(Photo via Susumu Nagao)
By Mark Dorsey
One unfortunate aspect of MMA is that far too many fighters continue to compete long after they should have hung up the gloves. It’s hard to watch once-great athletes tarnish their legacies and put themselves at risk for dementia pugilistica. That’s why it’s so refreshing when fighters decide to retire at the right time. Even rarer are the ones who taste success just once before walking away. Here’s our tribute to a few legendary fighters who were literally one-and-done.
Rulon Gardner has faced more hardship throughout his life than most men could ever survive. As a kid, he was punctured in the abdomen by an arrow during show-and-tell at school. As an adult, Gardner survived crashing into a freezing river in his snowmobile after getting lost; he wasn’t rescued until almost two days later, by which point he had suffered hypothermia that would later cost him a toe. Gardner also survived a motorcycle crash and a small plane crash that plunged him into Lake Powell, Utah, and forced him to swim for an hour in order to reach safety.
Despite these tremendous survival stories which could earn any man a made-for-TV movie, Gardner is best known for wrestling the most dangerous man to ever don a wrestling singlet. In one of the biggest upsets in Olympic history, Gardner defeated Aleksandr Karelin in Greco-Roman wrestling at the 2000 Olympic Games in Sydney. What made the upset so incredible was that Karelin, the three-time defending gold medalist, was undefeated for 13 years going into the match. Hell, Karelin hadn’t even given up a single point in six years. Yet somehow, Gardner, a pudgy farm boy from Wyoming, managed to shut down Karelin’s offense, making him an unlikely Olympic Gold Medalist.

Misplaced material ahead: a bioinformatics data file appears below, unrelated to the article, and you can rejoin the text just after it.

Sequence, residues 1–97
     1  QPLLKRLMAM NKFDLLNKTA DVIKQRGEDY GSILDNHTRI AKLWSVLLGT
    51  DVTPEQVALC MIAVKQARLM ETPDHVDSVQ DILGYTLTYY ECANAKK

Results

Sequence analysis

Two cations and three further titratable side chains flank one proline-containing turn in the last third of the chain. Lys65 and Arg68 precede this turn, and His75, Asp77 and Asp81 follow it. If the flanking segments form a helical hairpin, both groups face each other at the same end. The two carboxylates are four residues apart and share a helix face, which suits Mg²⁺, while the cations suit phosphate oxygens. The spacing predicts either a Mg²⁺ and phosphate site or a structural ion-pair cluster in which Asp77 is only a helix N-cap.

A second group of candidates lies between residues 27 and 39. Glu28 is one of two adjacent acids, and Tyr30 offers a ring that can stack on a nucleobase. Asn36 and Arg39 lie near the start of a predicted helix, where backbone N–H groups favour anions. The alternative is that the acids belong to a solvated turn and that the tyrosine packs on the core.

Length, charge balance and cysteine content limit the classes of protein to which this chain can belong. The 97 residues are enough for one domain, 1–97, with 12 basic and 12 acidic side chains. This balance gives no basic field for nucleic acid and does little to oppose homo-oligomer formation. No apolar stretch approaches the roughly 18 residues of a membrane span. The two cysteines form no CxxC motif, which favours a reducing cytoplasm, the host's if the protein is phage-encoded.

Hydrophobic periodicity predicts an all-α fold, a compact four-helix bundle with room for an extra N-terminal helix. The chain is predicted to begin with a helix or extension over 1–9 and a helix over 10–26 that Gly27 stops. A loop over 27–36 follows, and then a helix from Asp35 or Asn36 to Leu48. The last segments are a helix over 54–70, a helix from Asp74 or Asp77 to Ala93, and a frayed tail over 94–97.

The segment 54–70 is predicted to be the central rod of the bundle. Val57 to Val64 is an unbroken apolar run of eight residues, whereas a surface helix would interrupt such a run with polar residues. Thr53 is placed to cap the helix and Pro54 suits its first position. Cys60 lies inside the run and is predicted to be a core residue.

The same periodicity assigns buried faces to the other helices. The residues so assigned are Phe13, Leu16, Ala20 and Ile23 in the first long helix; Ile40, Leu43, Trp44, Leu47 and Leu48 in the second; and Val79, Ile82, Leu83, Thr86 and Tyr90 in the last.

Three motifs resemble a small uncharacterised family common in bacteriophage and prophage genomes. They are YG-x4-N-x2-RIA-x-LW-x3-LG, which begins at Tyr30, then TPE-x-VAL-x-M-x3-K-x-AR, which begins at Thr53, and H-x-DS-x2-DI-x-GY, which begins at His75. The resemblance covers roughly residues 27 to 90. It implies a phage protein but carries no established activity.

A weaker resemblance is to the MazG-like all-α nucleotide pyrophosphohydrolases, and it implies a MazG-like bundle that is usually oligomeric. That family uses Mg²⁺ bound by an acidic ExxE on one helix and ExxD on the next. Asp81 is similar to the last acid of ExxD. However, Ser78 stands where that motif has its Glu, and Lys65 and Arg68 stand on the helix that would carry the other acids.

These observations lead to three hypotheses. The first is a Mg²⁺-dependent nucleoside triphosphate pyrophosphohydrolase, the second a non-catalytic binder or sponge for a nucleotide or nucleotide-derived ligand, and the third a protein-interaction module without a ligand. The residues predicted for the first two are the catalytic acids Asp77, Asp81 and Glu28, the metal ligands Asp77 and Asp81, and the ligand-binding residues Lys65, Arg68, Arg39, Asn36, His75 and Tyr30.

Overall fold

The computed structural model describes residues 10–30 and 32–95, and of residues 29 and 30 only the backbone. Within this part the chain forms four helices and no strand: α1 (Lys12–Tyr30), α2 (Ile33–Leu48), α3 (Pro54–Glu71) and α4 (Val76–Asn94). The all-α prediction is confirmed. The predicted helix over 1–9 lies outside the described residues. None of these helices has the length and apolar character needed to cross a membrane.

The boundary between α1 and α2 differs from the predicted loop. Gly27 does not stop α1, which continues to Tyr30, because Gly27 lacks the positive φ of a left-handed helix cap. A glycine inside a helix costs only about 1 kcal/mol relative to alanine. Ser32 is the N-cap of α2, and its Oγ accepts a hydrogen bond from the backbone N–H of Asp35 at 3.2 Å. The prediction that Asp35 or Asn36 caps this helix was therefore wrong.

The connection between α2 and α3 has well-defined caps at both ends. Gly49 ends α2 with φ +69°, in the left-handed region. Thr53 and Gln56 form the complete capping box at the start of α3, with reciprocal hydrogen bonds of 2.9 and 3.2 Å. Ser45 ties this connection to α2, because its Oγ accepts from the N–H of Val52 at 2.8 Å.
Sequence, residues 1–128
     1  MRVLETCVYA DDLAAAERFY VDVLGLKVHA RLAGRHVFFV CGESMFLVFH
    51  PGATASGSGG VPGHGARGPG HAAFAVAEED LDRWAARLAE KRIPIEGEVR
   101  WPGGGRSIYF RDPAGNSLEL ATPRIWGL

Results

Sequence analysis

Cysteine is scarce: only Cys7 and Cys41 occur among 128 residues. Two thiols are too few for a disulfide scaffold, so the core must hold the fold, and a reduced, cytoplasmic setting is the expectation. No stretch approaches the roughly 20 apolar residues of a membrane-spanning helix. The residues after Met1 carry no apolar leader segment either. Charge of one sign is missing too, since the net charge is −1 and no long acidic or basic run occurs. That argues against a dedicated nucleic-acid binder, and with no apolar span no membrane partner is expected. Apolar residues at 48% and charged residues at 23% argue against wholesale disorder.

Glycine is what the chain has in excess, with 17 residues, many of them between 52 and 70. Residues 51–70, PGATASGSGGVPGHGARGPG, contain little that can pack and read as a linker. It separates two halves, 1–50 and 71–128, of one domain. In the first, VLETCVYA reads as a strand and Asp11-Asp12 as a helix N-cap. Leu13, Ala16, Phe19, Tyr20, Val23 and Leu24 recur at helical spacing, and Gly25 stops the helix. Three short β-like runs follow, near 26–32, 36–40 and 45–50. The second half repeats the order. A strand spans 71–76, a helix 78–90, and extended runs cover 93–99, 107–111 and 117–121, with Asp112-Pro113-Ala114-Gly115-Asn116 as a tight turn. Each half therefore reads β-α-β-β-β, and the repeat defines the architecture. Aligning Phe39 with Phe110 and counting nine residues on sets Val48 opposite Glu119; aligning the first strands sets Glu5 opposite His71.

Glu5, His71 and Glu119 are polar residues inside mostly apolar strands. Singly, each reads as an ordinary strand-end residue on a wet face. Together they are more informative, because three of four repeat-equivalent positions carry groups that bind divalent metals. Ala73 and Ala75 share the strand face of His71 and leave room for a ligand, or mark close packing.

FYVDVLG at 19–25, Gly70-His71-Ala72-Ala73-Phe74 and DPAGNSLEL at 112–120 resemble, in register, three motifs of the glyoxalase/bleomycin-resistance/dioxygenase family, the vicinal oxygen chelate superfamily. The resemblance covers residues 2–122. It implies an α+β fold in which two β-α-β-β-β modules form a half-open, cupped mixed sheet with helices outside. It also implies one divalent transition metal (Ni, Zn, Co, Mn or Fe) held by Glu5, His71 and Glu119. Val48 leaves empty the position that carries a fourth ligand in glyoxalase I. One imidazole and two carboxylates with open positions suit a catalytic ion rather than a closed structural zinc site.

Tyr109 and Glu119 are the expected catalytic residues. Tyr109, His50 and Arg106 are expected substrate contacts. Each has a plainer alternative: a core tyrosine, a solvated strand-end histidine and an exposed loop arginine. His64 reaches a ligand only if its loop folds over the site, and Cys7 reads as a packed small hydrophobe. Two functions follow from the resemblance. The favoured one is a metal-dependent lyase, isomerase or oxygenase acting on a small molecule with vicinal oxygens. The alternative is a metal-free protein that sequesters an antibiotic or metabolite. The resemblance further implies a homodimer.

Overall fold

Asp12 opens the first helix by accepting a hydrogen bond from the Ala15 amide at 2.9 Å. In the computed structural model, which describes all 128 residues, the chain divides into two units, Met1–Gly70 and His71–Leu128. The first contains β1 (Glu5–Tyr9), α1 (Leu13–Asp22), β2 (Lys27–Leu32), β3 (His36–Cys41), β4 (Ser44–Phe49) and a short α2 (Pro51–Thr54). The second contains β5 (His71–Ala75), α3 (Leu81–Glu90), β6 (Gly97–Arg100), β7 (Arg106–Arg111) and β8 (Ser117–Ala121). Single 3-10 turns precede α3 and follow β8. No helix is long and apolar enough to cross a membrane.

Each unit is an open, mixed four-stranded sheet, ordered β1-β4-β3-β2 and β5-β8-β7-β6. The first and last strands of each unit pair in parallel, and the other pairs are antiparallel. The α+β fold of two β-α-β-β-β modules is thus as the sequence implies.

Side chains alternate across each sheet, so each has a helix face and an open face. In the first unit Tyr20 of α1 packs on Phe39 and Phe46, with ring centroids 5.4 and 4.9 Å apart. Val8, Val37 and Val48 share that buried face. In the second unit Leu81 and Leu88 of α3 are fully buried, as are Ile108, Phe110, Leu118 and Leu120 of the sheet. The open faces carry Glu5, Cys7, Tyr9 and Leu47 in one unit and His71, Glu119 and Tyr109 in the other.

After winning Bronze four years later at the 2004 Olympic Games in Athens, Gardner left his wrestling shoes on the mat in a symbolic gesture of retirement. However, the competitive urge persisted and Gardner was convinced to compete in an MMA match at Pride Shockwave 2004. His opponent in that classic freak-fight was Hidehiko Yoshida, a judoka and a fellow Olympic gold medalist. Yoshida was a serious submission threat who entered the fight coming off a win over Mark Hunt and a draw against Royce Gracie. However, Gardner had been training with Bas Rutten which paid off, as he managed to win a rather boring unanimous decision victory over Yoshida. Gardner controlled the match and showed that he had a promising combination of raw skills and incredible strength. However, despite his potential as an MMA fighter, Gardner never competed in the sport again. In an interview with Ariel Helwani, Gardner admitted that he didn’t have the killer instinct for MMA because he didn’t really enjoy hitting people or getting hit.
Pride offered Gardner $1 million to fight Fedor Emelianenko, but Gardner knew he would be outmatched, and the competitor in him refused to enter into anything half-assed. Although it would have been a great payday, it was probably a good decision considering the potential for brain damage.